Would Gettleman really pass on a QB and his choice of the best hog molly on both sides of the ball for a running back at No. 2 overall? He did take running back Christian McCaffrey No. 8 overall for the Carolina Panthers last year, He did that, though, in his fifth draft with the Panthers — after he had spent four years dotting the Carolina roster with hog mollies and big bodies virtually across the board.
Which brings me to one of my points.
Running backs, even ones out of central casting, can and should be the finishing piece to your offense, the final piece to the puzzle. Are the Giants at “final piece to the puzzle” stage? It depends on your answer to these questions:
Are they set at quarterback for the foreseeable future? Is their offensive line in place? Do they have enough pass rushers and cover corners? In other words, are they in position to fully take advantage of what a potential top-tier running back could offer?
The Giants have missed the playoffs five of six years. They went 3-13 last season and fired their head coach and general manager. They are badly in need of a reset. Maybe Barkley can be the new face of their franchise. Maybe Barkley, combined with Odell Beckham, Sterling Shepard and Evan Engram, can help Manning and the Giants’ offense get back on a productive path. But, how much better can Barkley make them? How much better can any running back make them?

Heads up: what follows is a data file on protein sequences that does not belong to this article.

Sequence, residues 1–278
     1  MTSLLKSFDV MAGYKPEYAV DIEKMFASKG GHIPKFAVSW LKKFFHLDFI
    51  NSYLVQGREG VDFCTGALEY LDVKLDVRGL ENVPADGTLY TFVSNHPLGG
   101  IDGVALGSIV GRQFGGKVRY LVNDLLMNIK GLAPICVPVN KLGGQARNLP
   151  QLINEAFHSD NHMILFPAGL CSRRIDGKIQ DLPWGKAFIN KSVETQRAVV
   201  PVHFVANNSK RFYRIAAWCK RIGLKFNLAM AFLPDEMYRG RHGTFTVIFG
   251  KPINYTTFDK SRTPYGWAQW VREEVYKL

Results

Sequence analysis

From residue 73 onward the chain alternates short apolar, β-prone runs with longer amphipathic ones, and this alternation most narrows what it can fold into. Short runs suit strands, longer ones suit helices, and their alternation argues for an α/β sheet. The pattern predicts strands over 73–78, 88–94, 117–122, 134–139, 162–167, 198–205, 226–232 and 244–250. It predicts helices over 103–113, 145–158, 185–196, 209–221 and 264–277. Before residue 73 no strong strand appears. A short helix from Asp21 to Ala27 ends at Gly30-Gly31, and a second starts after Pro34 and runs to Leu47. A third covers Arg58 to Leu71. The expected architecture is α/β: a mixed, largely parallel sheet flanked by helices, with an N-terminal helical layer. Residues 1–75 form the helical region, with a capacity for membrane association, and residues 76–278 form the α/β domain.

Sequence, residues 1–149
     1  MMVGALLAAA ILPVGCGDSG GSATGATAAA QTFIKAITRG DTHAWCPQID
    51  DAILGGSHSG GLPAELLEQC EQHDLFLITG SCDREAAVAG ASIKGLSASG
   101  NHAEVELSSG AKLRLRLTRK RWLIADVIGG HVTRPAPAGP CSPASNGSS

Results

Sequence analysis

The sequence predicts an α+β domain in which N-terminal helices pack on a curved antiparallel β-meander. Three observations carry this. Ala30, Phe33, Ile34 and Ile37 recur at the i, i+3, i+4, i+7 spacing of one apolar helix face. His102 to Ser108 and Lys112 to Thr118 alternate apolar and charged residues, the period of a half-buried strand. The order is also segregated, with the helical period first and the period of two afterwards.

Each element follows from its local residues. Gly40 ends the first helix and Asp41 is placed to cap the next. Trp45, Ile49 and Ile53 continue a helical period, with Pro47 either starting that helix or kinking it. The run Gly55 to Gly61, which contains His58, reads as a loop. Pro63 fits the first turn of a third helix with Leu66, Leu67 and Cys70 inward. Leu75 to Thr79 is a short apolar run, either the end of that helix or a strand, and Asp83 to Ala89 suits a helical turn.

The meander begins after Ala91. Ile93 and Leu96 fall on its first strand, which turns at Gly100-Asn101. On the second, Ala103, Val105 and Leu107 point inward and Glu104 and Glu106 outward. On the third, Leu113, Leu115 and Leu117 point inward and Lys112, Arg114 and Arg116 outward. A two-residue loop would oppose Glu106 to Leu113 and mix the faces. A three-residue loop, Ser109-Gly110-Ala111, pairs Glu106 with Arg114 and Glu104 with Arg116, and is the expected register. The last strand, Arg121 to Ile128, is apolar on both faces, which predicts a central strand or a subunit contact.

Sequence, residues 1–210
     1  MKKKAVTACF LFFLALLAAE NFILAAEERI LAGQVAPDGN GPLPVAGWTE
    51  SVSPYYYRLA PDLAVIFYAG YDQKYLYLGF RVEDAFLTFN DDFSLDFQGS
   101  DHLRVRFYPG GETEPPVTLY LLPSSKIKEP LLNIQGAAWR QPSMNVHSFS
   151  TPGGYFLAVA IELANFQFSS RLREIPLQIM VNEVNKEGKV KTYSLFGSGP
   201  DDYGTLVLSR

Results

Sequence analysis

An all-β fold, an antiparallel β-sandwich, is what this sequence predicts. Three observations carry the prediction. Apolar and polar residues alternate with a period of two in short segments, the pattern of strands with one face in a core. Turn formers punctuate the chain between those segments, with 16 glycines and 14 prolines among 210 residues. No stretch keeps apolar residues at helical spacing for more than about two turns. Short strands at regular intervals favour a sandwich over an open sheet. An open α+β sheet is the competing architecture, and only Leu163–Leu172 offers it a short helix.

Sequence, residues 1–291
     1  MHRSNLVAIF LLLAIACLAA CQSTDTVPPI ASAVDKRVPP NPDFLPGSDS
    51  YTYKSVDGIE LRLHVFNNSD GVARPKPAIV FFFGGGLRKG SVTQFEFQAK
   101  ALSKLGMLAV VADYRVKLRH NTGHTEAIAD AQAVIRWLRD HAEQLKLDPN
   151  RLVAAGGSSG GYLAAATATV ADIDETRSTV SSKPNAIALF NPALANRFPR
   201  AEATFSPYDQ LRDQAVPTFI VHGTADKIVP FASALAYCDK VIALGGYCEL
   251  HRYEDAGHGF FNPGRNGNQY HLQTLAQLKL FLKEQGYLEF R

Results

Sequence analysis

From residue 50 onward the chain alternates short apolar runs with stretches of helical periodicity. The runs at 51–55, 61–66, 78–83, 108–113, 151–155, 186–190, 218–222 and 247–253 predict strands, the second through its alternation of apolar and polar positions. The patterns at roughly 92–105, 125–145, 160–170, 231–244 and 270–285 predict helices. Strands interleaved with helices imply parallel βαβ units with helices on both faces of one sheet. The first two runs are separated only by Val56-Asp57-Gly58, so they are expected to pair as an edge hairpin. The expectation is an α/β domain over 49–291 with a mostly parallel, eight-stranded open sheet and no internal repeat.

SB Nation’s Bill Connelly did a fascinating study of the running back position and its value. One of the measures he used is marginal efficiency, which is “the difference between a player’s success rate* (passing, rushing, or receiving) or success rate allowed (for an individual defender) and the expected success rate of each play based on down, distance, and yard line.” It could be used to argue that there isn’t much difference in value from one running back to the next.